Whilst this wasn’t an ideal situation in which to find myself, the ability to switch up to a higher level of thinking and respond swiftly is an important thing to be able to do with any of your outdoor skills. This requires practice and pushing your own limits outside of your regular work. Whilst you’d never take a group with you into a situation like this, this sort of experience reminds you of the risks that are inherent with an activity such as skiing, as well as the need to continuously build and improve upon your own skills.

Expertise does lead to complacency and as outdoor educators and instructors we need to practise our own skills and be reminded that there are always limits to our experience and expertise. This helps us to be aware that there are always going to be risks involved and that we must eliminate, manage or mitigate those risks for our programs. However, if we don’t practise and test our hard skills outside of work, the chances are, your comfortable daily operations will become increasingly exposed to potential complacency as the instructor skill-sets deteriorate and activity risks don’t appear as dangerous as they really are.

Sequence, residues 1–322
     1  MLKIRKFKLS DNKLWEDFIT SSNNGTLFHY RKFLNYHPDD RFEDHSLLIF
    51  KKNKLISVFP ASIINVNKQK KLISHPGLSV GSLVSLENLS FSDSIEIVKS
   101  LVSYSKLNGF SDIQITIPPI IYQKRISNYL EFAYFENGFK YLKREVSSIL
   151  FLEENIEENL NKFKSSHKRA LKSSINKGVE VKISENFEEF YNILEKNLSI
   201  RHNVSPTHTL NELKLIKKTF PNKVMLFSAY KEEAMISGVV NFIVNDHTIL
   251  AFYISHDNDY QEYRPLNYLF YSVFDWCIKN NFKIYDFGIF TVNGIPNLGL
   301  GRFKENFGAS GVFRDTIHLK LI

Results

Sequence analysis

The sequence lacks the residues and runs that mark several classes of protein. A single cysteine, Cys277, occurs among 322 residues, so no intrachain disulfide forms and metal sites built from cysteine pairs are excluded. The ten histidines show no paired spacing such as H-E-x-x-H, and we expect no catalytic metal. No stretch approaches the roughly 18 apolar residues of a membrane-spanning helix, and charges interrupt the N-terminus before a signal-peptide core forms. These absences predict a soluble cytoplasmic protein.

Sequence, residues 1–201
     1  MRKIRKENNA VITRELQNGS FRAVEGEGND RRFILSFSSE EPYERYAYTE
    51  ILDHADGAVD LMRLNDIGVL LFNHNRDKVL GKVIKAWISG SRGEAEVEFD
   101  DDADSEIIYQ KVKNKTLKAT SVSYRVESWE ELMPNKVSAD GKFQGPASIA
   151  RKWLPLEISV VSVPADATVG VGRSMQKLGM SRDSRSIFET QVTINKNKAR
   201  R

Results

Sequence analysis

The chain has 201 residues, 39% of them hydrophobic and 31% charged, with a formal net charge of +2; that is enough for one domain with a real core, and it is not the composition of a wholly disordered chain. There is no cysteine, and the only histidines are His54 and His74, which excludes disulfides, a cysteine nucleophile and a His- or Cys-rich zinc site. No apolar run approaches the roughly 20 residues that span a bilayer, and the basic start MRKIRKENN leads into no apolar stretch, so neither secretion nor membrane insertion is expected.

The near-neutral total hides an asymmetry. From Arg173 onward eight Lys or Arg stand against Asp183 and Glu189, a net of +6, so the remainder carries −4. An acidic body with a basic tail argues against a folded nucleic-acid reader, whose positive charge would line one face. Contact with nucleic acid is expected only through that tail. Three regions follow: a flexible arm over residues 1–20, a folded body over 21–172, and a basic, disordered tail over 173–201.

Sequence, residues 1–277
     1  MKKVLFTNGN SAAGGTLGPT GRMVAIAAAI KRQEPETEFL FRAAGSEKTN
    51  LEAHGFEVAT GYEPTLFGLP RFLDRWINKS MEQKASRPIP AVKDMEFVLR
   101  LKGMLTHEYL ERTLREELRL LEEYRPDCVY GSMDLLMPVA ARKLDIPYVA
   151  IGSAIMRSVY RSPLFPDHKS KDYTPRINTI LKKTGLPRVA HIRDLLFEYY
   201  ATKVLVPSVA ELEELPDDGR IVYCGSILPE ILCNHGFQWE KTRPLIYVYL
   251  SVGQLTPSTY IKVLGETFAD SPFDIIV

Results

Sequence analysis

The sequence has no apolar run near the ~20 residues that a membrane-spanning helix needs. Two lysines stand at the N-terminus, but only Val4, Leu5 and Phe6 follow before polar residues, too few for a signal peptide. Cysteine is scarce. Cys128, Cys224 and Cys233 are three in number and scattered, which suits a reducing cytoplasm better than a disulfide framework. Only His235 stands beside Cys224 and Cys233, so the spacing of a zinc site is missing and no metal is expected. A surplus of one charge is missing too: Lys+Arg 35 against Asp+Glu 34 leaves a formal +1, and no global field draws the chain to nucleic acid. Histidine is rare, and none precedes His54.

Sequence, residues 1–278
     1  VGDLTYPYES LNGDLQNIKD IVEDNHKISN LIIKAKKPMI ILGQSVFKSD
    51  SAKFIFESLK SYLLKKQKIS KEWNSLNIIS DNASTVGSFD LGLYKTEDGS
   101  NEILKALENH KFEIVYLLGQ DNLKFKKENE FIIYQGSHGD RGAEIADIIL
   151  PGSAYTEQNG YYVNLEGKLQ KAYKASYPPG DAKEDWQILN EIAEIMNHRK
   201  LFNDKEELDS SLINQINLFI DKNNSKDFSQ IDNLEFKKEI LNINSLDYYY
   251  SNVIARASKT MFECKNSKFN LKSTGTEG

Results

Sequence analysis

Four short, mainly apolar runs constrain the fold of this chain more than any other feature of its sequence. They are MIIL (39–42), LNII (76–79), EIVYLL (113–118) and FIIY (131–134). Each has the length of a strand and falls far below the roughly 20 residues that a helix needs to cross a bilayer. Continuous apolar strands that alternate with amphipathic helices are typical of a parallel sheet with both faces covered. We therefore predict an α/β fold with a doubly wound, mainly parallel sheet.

To help resolve my over confidence and need to rebuild my alpine skill set, it was time for me to go back to ski school and take some lessons again.